Each of these three drives satisfies a purpose. And, in a way, none of them directly compete against the others as a result of their different balances between performance, capacity, and durability. As a result, we'd have an equally difficult time declaring a winner as a loser; each serves its purpose well in its specialty. The key is knowing what you're looking for in a drive before you sit down to buy one. Perhaps our comparison will help guide such a purchasing decision.
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how fast is usb3? i mean real world, say you put a ssd in the best enclosure, what would it do?Reply
alidanhow fast is usb3? i mean real world, say you put a ssd in the best enclosure, what would it do?Reply
The theoretical bandwidth of USB 3.0 is roughly 625 MB/s, but this speed is rarely achieved -- even with the fastest hardware -- because the bus relies on a protocol for transferring data which is poorly optimized and eats up a chunk of the bandwidth.
alidanhow fast is usb3? i mean real world, say you put a ssd in the best enclosure, what would it do?I get like 70~140 MB/s (copying from WD my passport 1TB to my WD HDD (7200rpm black))Reply
and I get 30~40 MB/s copying from USB 2 WD my book 2TB to ^^^^^^^^^^^^^^^
shahroozI get like 70~140 MB/s (copying from WD my passport 1TB to my WD HDD (7200rpm black))and I get 30~40 MB/s copying from USB 2 WD my book 2TB to ^^^^^^^^^^^^^^^USB 3 is more than twice as fast as USB 2.Reply
I'm sitting here, daydreaming about a Velociraptor external drive. Maybe that would be able to use the USB 3's capacity better, or maybe something's slightly wrong in my head for wishing for such a thing.Reply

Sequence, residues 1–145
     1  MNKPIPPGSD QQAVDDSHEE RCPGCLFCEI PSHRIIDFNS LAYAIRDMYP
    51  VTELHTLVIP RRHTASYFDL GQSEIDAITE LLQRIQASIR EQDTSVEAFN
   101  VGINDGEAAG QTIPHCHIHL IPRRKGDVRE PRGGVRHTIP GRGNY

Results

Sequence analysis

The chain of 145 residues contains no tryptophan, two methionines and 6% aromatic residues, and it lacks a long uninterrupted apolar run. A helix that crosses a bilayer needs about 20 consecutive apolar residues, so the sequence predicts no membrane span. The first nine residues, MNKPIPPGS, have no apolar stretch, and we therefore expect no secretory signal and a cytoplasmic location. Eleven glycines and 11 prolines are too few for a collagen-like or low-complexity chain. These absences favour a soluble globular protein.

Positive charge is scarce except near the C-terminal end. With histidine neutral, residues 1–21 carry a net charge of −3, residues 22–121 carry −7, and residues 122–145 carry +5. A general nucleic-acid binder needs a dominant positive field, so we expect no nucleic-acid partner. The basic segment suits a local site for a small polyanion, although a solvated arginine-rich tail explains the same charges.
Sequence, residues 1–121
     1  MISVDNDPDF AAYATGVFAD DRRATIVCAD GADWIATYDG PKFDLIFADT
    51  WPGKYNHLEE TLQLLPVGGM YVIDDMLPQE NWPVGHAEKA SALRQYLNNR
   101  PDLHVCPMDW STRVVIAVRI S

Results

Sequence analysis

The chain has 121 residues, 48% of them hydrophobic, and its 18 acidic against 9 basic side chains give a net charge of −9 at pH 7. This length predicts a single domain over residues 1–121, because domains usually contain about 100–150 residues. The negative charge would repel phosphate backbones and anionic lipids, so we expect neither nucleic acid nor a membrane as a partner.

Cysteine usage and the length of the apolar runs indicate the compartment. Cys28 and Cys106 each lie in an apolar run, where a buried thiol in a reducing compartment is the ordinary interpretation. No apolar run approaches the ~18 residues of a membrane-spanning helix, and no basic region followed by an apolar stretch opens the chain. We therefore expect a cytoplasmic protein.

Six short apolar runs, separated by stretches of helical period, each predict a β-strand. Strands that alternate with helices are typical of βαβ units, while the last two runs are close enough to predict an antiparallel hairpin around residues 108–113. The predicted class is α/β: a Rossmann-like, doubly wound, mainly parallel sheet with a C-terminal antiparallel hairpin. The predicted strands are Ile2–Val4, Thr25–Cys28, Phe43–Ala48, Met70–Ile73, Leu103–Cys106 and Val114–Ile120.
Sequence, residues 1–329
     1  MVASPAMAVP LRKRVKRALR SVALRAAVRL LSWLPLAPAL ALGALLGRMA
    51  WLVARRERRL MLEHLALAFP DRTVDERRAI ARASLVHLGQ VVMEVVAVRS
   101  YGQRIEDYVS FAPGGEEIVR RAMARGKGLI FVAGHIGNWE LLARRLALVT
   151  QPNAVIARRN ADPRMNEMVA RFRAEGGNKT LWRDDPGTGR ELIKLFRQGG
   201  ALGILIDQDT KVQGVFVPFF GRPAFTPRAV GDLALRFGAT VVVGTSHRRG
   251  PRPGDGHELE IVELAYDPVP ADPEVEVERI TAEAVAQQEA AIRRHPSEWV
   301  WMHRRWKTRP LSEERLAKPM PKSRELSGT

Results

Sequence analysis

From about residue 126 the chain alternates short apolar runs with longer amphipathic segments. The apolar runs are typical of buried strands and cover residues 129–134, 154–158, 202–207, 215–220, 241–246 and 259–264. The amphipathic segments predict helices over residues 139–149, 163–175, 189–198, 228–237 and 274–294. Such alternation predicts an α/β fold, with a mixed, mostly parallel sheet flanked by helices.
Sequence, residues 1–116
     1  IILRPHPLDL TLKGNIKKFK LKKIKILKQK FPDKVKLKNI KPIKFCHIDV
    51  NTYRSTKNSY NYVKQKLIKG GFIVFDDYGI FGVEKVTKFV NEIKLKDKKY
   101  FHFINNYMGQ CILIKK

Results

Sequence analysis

willyrocUSB 3 is more than twice as fast as USB 2.Yeah but you're still limited to both the source and destination drive's read/write speed. So when copying from a HDD to an HDD, you're unlikely to exceed 140 MBps.Reply
If you're copying from a SATA 3 SSD to a USB 3.0 SSD, then yes, you could see much faster speeds.
USB 3.0 + UASP (or) eSATA (or) Internal (SATA 2 or 3) HDD.Reply
USB 3.0 in most instances isn't ready for prime time for external HDD's, and without UASP the queuing is too slow; UASP solves this problem. Otherwise without UASP IMO use eSATA or a backup internal SATA HDD.
More info see TH article June 20th, 2012 - http://www.tomshardware.com/reviews/usb-3-uas-turbo,3215.html
Note: The Hitachi Touro fails (BSOD) in Windows 8.
So... Theoretically USB 3.0 is faster than eSata, but in practice eSata is still the way to go?Reply
ubercakeSo... Theoretically USB 3.0 is faster than eSata, but in practice eSata is still the way to go?Yes.Reply
shahroozI get like 70~140 MB/s (copying from WD my passport 1TB to my WD HDD (7200rpm black))and I get 30~40 MB/s copying from USB 2 WD my book 2TB to ^^^^^^^^^^^^^^^Reply
that 1tb is in a better case than the 2tb
what i have noticed with usb 3 is that, yes while its theoretical max is higher than current hdd and ssds should achieve, the fact of the matter is they never hit that peak.
thats why im wondering, with an ssd, what is the best we can get usb3 to.
you proved that current normal hdds in a good case do not have a problem in usb 3, and for that i thank you.